France is now a country where critical remarks on Islam are systematically banned from mainstream media and where any negative sentence about the Muslim religion leads to fines, payment of damages, and censorship.
And it is a country where so-called "anti-racist" organizations, heavily subsidized by the government, fight for the most part only a single "racism": "Islamophobia."
Words such as "Islamism" or "radical Islam" have disappeared from the vocabulary of journalists and politicians, and are replaced by fuzzy words: "radicalism" and "extremism".
The only people apparently allowed to speak freely of Islam to large audiences are those who describe it as a religion of peace and unlimited love.
Take, for example the recent case of Christine Tasin, a founder of Riposte Laïque [Secular Response].
She went to Belfort on October 15, 2013, to make a video news report on a temporary slaughterhouse installed for the Muslim feast day of Eid El Adha, which commemorates Ibrahim's obedience to Allah in offering to sacrifice his only son. Upon her arrival at the slaughterhouse, the manager asked her to leave. He also called her an "Islamophobic racist." She answered that she is, actually, Islamophobic, but not racist; and added that "Islam is rubbish." The verbal exchange was filmed. Muslim associations filed complaints against her.
Christine Tasin engages in a verbal exchange on October 15, 2013, which led to here being charged with the crime of making "statements likely to provoke rejection of Muslims."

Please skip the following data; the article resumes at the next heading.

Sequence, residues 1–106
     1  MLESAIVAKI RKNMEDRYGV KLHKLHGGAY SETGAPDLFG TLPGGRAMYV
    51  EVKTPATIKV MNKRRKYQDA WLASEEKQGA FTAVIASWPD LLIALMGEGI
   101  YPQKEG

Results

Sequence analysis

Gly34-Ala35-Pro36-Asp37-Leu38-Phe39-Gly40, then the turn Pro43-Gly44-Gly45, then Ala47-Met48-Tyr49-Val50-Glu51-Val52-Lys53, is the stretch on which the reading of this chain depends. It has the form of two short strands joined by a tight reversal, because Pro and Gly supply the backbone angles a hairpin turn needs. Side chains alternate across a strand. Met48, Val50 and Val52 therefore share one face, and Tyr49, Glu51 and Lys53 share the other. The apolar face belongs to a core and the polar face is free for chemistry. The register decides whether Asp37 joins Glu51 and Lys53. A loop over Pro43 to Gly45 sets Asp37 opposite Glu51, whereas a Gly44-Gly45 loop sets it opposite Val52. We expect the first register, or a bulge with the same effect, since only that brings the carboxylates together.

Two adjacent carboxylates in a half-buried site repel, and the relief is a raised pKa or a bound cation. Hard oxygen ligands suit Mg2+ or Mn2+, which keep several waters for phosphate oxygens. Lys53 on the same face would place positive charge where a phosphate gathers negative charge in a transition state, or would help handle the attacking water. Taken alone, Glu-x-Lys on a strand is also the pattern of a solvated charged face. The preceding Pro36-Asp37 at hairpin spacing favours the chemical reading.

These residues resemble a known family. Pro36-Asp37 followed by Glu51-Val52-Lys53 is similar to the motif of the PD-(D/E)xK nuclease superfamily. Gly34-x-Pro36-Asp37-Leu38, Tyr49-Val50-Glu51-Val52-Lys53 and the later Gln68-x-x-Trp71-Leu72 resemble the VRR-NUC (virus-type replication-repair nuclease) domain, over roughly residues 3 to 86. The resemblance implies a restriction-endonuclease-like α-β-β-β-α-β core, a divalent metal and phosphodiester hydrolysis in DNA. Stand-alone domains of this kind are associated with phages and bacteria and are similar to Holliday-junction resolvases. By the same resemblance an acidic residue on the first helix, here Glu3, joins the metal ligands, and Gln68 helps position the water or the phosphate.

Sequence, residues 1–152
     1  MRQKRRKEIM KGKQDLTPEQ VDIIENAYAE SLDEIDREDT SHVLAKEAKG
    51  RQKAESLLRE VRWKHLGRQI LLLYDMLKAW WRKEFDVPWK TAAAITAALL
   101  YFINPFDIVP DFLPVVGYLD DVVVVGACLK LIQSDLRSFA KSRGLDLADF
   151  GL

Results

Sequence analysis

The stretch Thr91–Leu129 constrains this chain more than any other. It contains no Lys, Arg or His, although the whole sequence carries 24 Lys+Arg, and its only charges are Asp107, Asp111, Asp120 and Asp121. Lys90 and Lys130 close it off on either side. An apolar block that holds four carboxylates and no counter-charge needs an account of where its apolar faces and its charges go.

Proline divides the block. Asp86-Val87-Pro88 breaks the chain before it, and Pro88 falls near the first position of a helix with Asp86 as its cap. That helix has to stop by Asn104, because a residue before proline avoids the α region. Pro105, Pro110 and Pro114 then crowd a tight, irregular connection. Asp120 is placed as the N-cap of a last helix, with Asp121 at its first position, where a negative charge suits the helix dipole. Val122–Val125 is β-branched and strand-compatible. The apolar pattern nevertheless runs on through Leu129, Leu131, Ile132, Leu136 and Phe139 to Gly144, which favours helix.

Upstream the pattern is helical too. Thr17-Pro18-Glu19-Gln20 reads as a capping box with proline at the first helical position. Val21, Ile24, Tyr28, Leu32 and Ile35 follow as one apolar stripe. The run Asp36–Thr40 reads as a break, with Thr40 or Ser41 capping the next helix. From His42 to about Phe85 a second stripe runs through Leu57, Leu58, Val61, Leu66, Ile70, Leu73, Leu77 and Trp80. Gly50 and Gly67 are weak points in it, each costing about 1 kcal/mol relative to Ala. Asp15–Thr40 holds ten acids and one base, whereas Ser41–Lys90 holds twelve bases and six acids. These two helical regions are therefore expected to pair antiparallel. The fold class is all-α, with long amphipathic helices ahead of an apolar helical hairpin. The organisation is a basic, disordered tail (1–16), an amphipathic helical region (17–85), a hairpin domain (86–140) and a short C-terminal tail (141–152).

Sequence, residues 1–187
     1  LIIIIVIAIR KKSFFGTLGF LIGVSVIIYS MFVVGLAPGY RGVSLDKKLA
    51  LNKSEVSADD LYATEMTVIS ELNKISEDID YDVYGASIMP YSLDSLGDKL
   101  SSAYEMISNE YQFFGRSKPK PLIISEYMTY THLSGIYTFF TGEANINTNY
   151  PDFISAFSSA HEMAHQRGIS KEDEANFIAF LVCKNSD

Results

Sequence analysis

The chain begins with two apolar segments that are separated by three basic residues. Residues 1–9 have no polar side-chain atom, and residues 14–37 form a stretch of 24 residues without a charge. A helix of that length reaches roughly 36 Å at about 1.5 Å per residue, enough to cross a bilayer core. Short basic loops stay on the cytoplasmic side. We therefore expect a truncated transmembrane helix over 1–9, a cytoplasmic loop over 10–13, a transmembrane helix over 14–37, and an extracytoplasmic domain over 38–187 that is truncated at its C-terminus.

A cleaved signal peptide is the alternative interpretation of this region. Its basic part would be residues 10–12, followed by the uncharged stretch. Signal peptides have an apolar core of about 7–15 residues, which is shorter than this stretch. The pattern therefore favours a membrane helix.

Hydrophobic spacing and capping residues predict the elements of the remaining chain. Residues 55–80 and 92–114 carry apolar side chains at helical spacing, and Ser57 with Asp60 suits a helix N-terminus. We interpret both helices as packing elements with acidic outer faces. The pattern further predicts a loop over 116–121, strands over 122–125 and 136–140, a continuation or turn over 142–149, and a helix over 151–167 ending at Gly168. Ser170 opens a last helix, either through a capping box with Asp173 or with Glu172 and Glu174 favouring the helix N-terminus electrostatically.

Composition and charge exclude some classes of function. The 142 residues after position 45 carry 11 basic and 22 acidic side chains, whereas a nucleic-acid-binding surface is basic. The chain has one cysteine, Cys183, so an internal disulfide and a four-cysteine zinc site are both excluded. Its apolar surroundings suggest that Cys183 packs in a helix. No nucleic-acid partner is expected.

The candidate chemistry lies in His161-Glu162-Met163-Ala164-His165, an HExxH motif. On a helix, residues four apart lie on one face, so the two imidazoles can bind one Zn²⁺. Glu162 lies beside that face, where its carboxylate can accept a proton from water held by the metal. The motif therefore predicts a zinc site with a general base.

On August 9, 2014, a court declared Tasin guilty of making "statements likely to provoke rejection of Muslims," and she was sentenced to a heavy fine of 3,000 euros ($3,700).
Tasin responded by saying that the court had acted as if it were an "Islamic court" and that it was showing "submission to Sharia." She appealed the judgment. The appeal judgment, delivered on December 18, constituted a repudiation of the first judgment; all charges against Christine Tasin were dropped.
The same day, a case against Marine Le Pen, president of the populist National Front party, concerning statements she made in 2010 about the "occupation" of the street by illegal Muslim prayers, was also dropped.
Some might think that these two decisions are encouraging signs, showing that the French justice is not completely muzzled and that some judges still maintain an independent spirit.
A broader look, however, calls for caution. In the previous months, many French who publicly criticized Islam and its consequences were severely condemned by France's justice system: